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Implementation Completion Report (ICR) Review - Klaipeda Environment

1. Project Data:   
ES Date Posted:
Project Name:
Klaipeda Environment
Project Costs(US $M)
 18.8  36.0
Loan/Credit (US $M)
 7.0  6.7
Sector, Major Sect.:
Water supply, Sewerage, Other industry,
Water sanitation and flood protection; Industry and trade
Cofinancing (US $M)
 9.1  17.5
L/C Number:
L3816; LP256      
Board Approval (FY)
Partners involved
EU Phare Program, Government of Finland, Swedish International Agency, WWF-Denmark 
Closing Date
06/30/1999 06/30/2002
Prepared by: Reviewed by: Group Manager: Group:  
Robert C. Varley
Roy Gilbert Kyle Peters OEDCR

2. Project Objectives and Components:

a. Objectives
According to the Staff Appraisal Report (SAR) the objectives were to:-

  1. restore and enhance the surface and groundwater quality in Klaipeda, Kursiu Lagoon, and adjacent recreational beaches on the Baltic Sea;
  2. improve quality, reliability and cost efficiency of water supply and sanitation services in Klaipeda;
  3. improve the operational efficiency and management system of Klaipeda State Water Supply and Sewerage Enterprise (KSWSE); and
  4. promote environmentally sustainable management and development of the Kursiu Lagoon and adjacent coastal areas.
The Memorandum to the Board had an additional but overlapping objective - "to improve water supply and sanitation service in Klaipeda."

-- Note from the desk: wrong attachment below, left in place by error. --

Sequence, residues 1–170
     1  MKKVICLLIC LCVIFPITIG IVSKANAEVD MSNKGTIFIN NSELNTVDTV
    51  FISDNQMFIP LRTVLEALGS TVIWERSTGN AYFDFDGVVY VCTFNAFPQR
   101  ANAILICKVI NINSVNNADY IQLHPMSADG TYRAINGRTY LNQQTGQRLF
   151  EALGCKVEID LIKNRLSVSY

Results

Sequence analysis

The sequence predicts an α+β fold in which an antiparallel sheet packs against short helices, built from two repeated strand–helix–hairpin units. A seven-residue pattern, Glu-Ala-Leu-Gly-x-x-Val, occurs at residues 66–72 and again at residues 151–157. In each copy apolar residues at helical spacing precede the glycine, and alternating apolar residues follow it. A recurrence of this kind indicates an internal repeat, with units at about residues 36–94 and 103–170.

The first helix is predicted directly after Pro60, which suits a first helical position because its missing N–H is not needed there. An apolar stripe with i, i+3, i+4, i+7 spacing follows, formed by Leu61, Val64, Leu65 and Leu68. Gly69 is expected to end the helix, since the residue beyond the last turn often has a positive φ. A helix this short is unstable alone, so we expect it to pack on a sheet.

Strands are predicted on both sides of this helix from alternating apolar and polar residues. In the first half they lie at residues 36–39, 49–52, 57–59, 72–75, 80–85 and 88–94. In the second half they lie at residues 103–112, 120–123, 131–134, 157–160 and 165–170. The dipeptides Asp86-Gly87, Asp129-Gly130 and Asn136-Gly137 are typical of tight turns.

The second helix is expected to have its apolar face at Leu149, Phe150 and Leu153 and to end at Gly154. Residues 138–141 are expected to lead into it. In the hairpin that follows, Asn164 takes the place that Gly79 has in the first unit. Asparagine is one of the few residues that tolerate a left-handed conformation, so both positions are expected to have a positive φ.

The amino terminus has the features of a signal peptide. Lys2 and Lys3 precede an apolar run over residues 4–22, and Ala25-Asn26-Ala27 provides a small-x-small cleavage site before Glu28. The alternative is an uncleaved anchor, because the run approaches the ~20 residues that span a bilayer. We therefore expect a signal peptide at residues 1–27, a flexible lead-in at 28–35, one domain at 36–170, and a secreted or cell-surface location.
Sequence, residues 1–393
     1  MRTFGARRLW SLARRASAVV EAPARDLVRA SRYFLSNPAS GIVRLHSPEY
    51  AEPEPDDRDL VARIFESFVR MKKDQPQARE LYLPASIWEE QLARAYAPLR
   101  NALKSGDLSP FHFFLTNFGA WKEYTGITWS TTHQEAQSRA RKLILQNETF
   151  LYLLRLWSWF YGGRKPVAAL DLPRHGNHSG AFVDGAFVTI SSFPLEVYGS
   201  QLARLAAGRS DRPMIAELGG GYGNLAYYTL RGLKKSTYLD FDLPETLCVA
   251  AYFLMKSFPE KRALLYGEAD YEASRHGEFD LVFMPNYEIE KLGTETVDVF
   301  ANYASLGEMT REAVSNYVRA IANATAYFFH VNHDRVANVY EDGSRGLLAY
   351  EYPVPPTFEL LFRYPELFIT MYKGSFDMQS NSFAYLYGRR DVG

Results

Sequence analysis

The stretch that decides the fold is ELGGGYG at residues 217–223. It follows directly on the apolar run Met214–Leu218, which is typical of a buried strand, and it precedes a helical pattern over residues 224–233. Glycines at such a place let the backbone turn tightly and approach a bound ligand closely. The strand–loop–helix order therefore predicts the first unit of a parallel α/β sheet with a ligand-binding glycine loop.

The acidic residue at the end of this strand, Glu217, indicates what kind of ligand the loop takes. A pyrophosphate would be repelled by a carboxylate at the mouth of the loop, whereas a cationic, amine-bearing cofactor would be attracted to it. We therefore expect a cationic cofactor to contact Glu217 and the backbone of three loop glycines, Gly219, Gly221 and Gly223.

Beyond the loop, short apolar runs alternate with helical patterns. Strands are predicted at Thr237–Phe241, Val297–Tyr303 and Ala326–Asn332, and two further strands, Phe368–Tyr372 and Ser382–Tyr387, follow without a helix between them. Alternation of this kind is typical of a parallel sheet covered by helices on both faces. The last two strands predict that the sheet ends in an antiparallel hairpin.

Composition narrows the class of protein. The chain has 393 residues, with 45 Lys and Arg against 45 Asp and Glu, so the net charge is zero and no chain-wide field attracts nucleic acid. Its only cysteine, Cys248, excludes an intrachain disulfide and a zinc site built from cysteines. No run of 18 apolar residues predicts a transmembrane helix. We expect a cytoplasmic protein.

b. Components
Total project costs at appraisal were $23.1 million comprising:-

  1. Project Implementation Unit (2%);
  2. Water Supply and Distribution (13%);
  3. Sewerage and Wastewater Treatment (55%);
  4. Contract Coordination and Supervision (3%);
  5. TA and Training (3%);
  6. Environmental Management (6%)
  7. Physical and price contingencies (18%)

c. Comments on Project Cost, Financing and Dates
The project was 3 years late and 100% over the $ budget, most of the cost overrun accounted for by the wastewater treatment and water purification plants. Lithuanian contributions supplemented by an EU grant closed the financing gap.

3. Achievement of Relevant Objectives:

This objective was fully achieved and the quality of ground water, surfacewater and the Kursiu Lagoon improved, exceeding the targeted standards.
  • Wastewater treatment efficiencies have reached the levels expected. Drinking water quality improved and a reliable 24-hour service is in place.
  • KSWSE was transformed into the Klaipeda Water Company (KWC), a shareholder enterprise with a modern management structure. Since 2000, KWC has shown a cash surplus, collection indicators have improved and staff numbers cut. Full cost-recovery is not anticipated until 2007, considerably later than anticipated at appraisal. Cash flow from operations in 2001 was sufficient to service existing debt.
  • The Nemunas Delta Regional Park, encompassing Kursiu Lagoon, is up and running and the activities of the Klaipeda Environment Project have been completed.

  • 4. Significant Outcomes/Impacts:

    For the first such project in Lithuania, the market-based approaches to water and wastewater management, institutional strengthening of the water utility, and demonstration of a new environmental management approach, were all significant achievements. Although the project was 3 years late at completion, it had suffered from the disruption of 4 different municipal government administrations during implementation.